This simple snack is iconically Australian and popular down under. It’s two slices of toast smeared with the yeasty brown paste, which as a bonus happens to be one of the richest known sources of vitamin B. Vegemite is made from the leftover yeast extract that’s a by-product from beer making. It’s salty and slightly meaty in taste and is enjoyed all over the world. Incidentally, many other countries (like England and South Africa) enjoy the similar product called Marmite, with a slightly different yeasty flavor, but no matter the name it’s still incredibly popular.

Donkey Burger — China

Donkeys are a pretty popular food source in China and Europe; the animals are usually raised both for their milk and meat products. The donkey burger is a hot sandwich (or though it has been known to be served cold) in Chinese cuisine and is heavily spiced and served on a bun. The best kind of donkey meat is slow-cooked between eight and 20 hours, so the meat retains it color and tenderness. Donkey meat is also a rich source of protein, iron, calcium, and phosphorus.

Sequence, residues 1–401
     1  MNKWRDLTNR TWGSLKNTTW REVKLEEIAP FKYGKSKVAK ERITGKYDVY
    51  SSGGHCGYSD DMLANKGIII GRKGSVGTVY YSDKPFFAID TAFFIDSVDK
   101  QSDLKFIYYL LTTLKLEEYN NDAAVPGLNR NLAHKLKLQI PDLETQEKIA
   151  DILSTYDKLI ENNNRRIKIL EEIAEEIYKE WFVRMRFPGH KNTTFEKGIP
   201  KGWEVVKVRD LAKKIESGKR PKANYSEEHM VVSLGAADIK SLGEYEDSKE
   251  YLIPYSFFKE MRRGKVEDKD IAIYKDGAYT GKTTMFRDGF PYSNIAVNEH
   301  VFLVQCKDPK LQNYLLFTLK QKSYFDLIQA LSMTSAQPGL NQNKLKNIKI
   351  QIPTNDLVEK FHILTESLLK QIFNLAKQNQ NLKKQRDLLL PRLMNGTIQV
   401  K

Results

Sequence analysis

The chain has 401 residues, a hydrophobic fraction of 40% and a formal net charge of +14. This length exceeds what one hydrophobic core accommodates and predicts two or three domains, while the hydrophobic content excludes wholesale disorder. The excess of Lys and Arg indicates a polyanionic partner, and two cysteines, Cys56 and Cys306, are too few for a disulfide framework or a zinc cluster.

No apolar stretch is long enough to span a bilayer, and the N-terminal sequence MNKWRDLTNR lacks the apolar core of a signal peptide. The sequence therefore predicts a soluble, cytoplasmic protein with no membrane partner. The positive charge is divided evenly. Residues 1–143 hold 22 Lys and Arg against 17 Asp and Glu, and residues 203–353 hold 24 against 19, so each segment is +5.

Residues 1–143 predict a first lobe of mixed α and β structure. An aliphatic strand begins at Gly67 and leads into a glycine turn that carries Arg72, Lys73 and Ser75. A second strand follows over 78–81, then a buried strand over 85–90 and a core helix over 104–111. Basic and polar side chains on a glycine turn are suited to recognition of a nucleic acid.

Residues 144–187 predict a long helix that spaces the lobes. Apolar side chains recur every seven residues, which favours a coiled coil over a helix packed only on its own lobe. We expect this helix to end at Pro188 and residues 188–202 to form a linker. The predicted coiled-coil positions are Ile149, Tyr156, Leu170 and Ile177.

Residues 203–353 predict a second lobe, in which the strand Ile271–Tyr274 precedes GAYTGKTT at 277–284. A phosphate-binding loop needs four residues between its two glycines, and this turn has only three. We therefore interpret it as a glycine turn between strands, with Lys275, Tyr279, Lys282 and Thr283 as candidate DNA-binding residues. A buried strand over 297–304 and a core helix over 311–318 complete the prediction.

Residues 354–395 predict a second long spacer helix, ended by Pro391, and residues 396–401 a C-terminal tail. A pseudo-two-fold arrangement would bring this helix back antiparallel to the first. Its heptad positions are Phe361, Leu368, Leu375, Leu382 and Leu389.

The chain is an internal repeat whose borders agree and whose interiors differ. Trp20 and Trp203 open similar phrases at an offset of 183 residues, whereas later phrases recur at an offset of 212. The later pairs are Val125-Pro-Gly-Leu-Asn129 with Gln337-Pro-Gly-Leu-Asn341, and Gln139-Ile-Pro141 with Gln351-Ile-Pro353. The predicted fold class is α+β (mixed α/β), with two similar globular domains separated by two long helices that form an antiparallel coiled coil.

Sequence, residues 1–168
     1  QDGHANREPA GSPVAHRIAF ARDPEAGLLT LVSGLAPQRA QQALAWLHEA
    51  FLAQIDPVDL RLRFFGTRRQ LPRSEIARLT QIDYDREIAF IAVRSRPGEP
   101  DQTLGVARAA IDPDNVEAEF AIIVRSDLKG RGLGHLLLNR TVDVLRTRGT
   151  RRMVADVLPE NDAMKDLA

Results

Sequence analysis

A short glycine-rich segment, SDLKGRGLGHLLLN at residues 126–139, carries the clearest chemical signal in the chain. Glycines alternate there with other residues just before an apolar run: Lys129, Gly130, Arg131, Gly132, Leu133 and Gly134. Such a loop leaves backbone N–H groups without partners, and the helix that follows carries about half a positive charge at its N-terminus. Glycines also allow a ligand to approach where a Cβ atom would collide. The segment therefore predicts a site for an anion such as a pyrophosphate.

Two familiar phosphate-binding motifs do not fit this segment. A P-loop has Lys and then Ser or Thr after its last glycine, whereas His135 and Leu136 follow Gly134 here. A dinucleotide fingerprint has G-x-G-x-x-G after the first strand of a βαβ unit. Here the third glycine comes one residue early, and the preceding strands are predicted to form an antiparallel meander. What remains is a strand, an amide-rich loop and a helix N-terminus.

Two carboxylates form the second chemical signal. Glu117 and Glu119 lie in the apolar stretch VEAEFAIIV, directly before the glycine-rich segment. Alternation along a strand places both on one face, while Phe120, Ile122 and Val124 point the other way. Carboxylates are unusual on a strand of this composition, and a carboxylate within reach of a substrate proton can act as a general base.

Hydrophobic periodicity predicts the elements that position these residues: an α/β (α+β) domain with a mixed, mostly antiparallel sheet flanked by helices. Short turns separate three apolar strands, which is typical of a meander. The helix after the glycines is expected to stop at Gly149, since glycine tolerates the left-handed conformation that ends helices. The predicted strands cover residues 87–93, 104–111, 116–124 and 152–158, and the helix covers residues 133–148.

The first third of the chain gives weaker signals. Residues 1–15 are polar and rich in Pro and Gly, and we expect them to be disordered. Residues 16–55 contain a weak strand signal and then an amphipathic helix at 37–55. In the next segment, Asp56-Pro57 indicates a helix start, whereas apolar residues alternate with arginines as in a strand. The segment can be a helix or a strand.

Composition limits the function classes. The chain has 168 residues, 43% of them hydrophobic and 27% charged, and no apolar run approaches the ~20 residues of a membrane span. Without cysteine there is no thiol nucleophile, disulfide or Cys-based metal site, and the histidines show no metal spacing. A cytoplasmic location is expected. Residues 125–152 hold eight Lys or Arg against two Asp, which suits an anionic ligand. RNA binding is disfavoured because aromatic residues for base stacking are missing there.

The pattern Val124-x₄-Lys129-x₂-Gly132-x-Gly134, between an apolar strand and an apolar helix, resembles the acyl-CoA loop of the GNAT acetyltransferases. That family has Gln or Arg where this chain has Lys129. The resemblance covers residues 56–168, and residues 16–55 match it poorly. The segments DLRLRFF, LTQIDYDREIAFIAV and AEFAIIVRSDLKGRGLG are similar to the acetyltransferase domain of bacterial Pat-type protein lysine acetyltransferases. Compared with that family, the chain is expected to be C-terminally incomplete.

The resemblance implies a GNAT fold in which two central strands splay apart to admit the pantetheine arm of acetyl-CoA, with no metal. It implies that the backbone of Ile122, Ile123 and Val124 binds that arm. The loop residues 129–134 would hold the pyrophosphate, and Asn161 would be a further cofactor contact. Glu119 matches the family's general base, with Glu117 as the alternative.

Click here for more of the World's Most Iconic Sandwiches

Serusha Govender is The Daily Meal Meal's Travel Editor. Follow her on Twitter @SerushaGovender

Iconic Sandwiches of the World, from Banh Mi to Zapiekanka

Vietnam: Banh Mi
As with many Sandwiches of the World, the banh mi is named for its bread, the Vietnamese style of baguette, introduced under French colonial rule. You can put almost anything in there, but cilantro, pickled carrots, and pate are among the most common. (Credit: Flickr/wEnDaLicious )

England: Chip Butty
There's no better testament to the general blandness of English food than this sandwich: a bunch of french fries between two pieces of bread. Bravo, guys. (Credit: Flickr/Well Preserved )

Chile: Barros Luco
Chile has a few candidates in the running for "national sandwich," but the Barros Luco is actually named after a president--Ramon Barros Luco, Chile's leader betwen 1910 and 1915, would always ask for a beef and melted cheese sandwich during lunch at the restaurant in Chile's National Congress building. There's also the Barros Jarpa, named for the president's cousin (himself a senator), but that's just a ham and cheese. (Credit: Flickr/ffuentes )

Brazil: Bauru
Like the Barros Luco, the Bauru is named after its original biggest fan. Casemiro Pinto Nero, a student in Sao Paolo in the 1930s, went by the nickname "Bauru," the name of his hometown. He asked for a sandwich with mozzarella, roast beef, tomato, and pickled cucumber on a French bun with most of the bread scooped out, and created a national hit. (Credit: obagastronomia )